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There's lots of recommendations out there about handling dates. I'd just like to clarify something. Let's say:

  • user is inserting records into a database
  • unix timestamps of insertion date are generated for this record

Now the user wants to query a date interval in the database:

  • user provides 2 dates in his local timezone
  • use these values to convert timezone to UTC and get the timestamp
  • query the records in the database based on the 2 integers from conversion (eg. WHERE date >= FIRST and date <= SECOND)
  • convert the retrieved timestamps to local timezone again for display

I know that would be possible with PHP, but and wouldn't need to care about mysql's timezone settings in this case - only php's. The system would be 64 bit so running out of space to store the date is not an issue. But ...

Would that raise any other serious issues like with DST changes or something else?

share|improve this question
What makes you suspect these issues? Because you're not sure how Mysql handles these timestamps, e.g. to which timezone the ones in the database belongs to? And are you storing the dates as Unix Timestamps or how do you store them? – hakre Sep 21 '12 at 11:18
I'm suspicious by nature. Since i don't know everything about date and time handling, it's only natural for me to seek answers just to make sure everything is ok. And no, i'm storing unix timestamps as big integers instead of TIMESTAMP field. I don't want mysql to even know we're dealing with dates here. – Marius Sep 21 '12 at 12:41
Then see @Tadeck's answer I'd say. – hakre Sep 21 '12 at 12:41
Never mind that - just remembered that mysql based date functions will have to be used so i will have to store the timestamp as a TIMESTAMP. – Marius Sep 21 '12 at 12:49
up vote 2 down vote accepted

Unix timestamp is timezone-independent.

This is also the reason you can change this step:

use these values to convert timezone to UTC and get the timestamp

into this:

convert values to Unix timestamp

Although storing timestamps in the database (eg. MySQL) is very simple. You can make sure PHP has Unix timestamp, if you will:

  • save the values by using FROM_UNIXTIME() MySQL's function (give Unix timestamp as argument and you will receive datetime according to MySQL's settings),
  • retrieve the values by using UNIX_TIMESTAMP() MySQL's function (give the name of the field, or the value, as the argument), so you will get Unix timestamp (integer) on the basis of datetime stored in the database according to MySQL's settings.

Just remember to use TIMESTAMP column type to store timestamps. This way the time will be stored in timezone-independent manner, only displayed according to MySQL's settings.

share|improve this answer
You're right about mysql's version, but ... I want to be able to do things independently from mysql. Would (in your case) i be able to work safely independently of mysql's timezone setting? – Marius Sep 21 '12 at 11:57
@Marius: I am just saying TIMESTAMP is very similar to INT containing Unix timestamp and does not have issue with timezones. See couple comparisons (this is really a subject for the whole new discussion): and When it comes to doing things independently from MySQL, then some abstraction layer may include transformations between PHP and MySQL (like in various ORMs), you won't hide from MySQL completely. Also with TIMESTAMP you are able to use DATETIME-related functions, groupings etc. – Tadeck Sep 21 '12 at 12:03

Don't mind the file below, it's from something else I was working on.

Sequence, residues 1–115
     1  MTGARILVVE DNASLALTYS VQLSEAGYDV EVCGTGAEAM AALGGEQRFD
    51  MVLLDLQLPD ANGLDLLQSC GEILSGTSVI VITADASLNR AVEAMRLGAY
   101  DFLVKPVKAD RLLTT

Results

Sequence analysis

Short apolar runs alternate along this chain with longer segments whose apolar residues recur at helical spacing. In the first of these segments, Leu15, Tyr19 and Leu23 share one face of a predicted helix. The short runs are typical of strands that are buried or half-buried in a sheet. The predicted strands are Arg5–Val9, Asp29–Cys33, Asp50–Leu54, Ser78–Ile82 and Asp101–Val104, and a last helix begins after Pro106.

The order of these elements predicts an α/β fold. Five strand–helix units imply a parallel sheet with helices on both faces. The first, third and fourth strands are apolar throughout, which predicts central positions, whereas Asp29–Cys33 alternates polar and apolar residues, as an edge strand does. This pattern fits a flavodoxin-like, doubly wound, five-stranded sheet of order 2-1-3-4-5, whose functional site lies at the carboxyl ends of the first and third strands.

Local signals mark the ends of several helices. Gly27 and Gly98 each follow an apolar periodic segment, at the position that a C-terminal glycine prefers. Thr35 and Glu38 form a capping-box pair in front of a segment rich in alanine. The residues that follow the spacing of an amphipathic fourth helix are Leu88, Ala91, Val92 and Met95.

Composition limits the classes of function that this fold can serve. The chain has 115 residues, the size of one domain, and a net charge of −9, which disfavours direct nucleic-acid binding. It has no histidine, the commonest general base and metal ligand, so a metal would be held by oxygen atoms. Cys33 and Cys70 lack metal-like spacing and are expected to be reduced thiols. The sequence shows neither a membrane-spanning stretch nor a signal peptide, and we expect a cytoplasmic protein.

Thanks for explaining. I thought i could do without mysql. That is ... until you reminded me about grouping :) I guess i'll have to store TIMESTAMP. – Marius Sep 21 '12 at 12:47

Tadeck is correct that Unix timestamps are timezone-independent.

But when using timestamps throughout your application you should store and use timestamps in the database as plain INTs. Convert to and from local timezones at the application level (in PHP). That allows you to only concern yourself with timezones in PHP and not in 2 systems. It also eases setting time zones for individual users at the application level.

share|improve this answer
Thanks, but the point is that when using TIMESTAMP columns, the datetimes are stored also in timezone-independent format and this does not limit you in any way from allowing users to set timezones in their own way. MySQL's TIMESTAMP column was designed specifically for that: for storing timestamps. Although there are two different opinions on storing timestamps: some say you should use INTs, some say you should use TIMESTAMP (the ones saying you should use DATETIME are of course incorrect ;)). – Tadeck Sep 21 '12 at 11:43
I appreciate that point of view, but timestamps are just INTs. So when comparing in SQL, INT is fine. Any local conversion I prefer to perform at the app level. This way mysql's time zone settings are irrelevant. – Matt S Sep 21 '12 at 11:47
I do store them as big ints though. – Marius Sep 21 '12 at 12:00
@MattS: I understand these arguments. I also were a fan of storing timestamps as INTs until I actually learned that at some point I usually needed interpretation of timestamp on the database layer (eg. I needed to use one of datetime-related SQL functions), and then I really needed TIMESTAMP instead of integer. Here is another comment on that:… – Tadeck Sep 21 '12 at 12:05

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